Thought Leadership

Crafting Connection: A Language Expert’s Tips for Nonprofit Audience Engagement

A summary of Town Hall’s webinar with Ben Feller of language expert maslansky + partners


Coming off of a decline in charitable giving in the U.S.* and with almost daily headlines highlighting the continued decline between Americans and institutions of all kinds, it’s no wonder that nonprofit professionals are feeling, at best, discouraged and, at worst, demoralized. However, for the record, this decline in trust is not limited to nonprofits. It cuts across almost every sector. And coming off of four years of intense pressure, decreased resources, and increased expectations starting with the COVID-19 pandemic in 2020, who could be blamed for throwing their hands up in defeat?

And yet, I continue to be encouraged and inspired by my clients and colleagues working tirelessly across a range of causes to make our world a better place.

It’s with this optimism that I invited my friend Ben Feller to join me in conversation about institutions today and specifically how language and the words we choose to articulate our messages can help repair and build trust with our audiences. Today, Ben is a partner at maslansky + partners, a language strategy firm, where he serves as a narrative advisor to organizations like Colgate University, Syracuse University, and The Ford Foundation. Previously, he spent 20 years as a reporter, where he served as the National Education Writer and the Chief White House Correspondent for The Associated Press during the Bush and Obama presidencies. We covered a lot of ground, and I encourage you to watch the webinar if you’re feeling like the world is happening to you and you’re seeking a sense of empowerment and control by zeroing in on what you can proactively do and champion in the face of these challenges. Some highlight takeaways from our conversation include:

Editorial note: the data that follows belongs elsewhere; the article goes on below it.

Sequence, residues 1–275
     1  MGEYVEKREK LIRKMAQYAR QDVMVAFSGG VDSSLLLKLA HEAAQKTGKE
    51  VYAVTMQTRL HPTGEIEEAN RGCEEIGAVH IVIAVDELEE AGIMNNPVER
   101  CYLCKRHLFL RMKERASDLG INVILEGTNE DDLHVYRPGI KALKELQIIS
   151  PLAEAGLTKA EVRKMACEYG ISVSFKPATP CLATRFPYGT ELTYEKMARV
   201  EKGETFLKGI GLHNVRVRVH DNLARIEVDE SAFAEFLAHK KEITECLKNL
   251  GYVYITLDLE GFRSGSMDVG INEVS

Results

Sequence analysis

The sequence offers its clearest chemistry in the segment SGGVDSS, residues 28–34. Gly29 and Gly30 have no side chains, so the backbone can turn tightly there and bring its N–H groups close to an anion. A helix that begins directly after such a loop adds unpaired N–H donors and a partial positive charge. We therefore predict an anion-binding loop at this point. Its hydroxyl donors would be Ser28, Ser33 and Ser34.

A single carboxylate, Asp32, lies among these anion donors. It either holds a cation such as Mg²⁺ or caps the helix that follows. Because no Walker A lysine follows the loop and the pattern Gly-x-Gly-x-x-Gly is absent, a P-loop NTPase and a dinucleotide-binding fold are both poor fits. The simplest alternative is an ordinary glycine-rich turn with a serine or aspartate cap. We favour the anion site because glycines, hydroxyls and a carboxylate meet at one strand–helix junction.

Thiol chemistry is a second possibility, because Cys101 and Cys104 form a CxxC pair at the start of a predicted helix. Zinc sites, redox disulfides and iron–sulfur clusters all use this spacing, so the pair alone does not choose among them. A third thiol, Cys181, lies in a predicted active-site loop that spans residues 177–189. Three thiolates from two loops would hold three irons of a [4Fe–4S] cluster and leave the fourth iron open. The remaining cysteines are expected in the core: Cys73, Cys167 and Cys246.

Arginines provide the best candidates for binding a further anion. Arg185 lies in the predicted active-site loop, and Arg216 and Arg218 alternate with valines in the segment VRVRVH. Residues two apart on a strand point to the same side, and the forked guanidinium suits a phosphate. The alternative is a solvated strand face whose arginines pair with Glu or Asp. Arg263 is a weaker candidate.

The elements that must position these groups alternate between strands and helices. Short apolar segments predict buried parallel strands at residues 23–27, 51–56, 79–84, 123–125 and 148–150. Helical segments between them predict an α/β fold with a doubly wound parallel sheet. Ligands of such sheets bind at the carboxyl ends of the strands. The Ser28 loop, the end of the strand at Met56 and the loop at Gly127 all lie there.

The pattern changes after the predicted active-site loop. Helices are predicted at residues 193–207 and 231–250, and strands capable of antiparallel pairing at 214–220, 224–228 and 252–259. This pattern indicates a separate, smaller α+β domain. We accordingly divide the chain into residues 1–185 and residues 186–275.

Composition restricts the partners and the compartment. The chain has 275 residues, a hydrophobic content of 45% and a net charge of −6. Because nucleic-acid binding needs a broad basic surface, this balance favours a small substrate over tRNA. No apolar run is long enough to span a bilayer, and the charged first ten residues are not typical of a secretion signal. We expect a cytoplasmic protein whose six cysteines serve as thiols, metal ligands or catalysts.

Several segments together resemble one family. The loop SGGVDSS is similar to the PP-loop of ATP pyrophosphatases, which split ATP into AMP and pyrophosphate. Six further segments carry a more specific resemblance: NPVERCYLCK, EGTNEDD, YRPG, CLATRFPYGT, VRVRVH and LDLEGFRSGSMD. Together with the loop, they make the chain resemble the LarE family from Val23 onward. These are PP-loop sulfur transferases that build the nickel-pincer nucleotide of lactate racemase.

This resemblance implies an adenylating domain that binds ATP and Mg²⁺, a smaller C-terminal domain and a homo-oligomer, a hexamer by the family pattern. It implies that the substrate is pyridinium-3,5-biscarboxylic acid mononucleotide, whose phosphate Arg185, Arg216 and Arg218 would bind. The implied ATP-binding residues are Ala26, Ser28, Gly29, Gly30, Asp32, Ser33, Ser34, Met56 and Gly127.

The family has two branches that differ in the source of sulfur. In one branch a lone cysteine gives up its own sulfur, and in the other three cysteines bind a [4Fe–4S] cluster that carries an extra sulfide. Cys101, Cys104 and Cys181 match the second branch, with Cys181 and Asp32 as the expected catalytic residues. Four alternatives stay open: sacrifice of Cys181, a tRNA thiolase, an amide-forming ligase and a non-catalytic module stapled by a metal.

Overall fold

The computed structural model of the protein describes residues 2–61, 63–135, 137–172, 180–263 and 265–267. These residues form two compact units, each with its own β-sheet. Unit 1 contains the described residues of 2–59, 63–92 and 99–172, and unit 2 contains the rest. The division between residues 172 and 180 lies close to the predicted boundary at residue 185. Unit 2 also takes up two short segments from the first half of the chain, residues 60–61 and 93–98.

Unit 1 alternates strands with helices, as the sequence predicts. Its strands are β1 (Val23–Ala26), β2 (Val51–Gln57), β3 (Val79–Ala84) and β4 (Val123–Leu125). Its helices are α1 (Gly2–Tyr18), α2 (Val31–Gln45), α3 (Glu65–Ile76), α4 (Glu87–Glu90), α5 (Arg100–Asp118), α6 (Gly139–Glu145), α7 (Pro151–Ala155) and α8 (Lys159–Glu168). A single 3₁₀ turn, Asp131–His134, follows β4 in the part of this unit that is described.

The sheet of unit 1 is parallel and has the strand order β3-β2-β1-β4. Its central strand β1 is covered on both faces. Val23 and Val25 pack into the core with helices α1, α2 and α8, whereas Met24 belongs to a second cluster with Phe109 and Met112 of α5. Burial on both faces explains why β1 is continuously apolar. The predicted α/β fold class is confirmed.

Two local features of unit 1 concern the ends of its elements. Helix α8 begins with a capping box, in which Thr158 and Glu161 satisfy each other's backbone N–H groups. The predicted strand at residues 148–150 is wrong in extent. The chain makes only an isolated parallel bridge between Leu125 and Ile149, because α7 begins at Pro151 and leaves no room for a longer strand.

• Don’t let the internal become external. Supporters don’t have a relationship with the development team, the advocacy team or the marketing/communications team. They have a relationship with the organization as a whole. This requires us to reduce any internal politics and increase the level of collaboration across teams and departments. Otherwise, we fall into the trap of letting our internal structure drive our messages–rather than being responsive to the natural journey of our supporters.
    • Turn jargon into plain English. As Ben shared, “Everything is a choice between saying it in a way that makes people care and not.” And this choice is really about taking the time and finding the language in plain English to help people understand the value or the impact of your programs. He shared some great examples of “corporate speak” that sneaks into messaging (i.e., “multi-stakeholder engagement…who talks like that?!”), and reinforced that this approach does not require you to sacrifice your command of the subject matter. As Ben flagged, this can be particularly challenging (and even more important) for those who work across complicated issues. It’s not an exercise in dumbing something down but rather distilling the ideas into concise clarity.
    • Know your audience today. Our world has changed significantly over the past four years. As I shared in our conversation, I have felt transformed on many levels since the start of the pandemic. There’s no doubt donors and supporters of all kinds and all ages have changed too–what they value, who or what they trust, and how they consume information. This is tricky because these changes are fluid and aren’t easily captured in traditional market research or studies. The work of knowing your audience–like any other relationship in our lives–is one that requires consistent intention, listening, and nurturing.

This is just a sampling of what we covered. If you’re interested in hearing more, click here to watch our conversation in full.

*Giving USA: The Annual Report on Philanthropy

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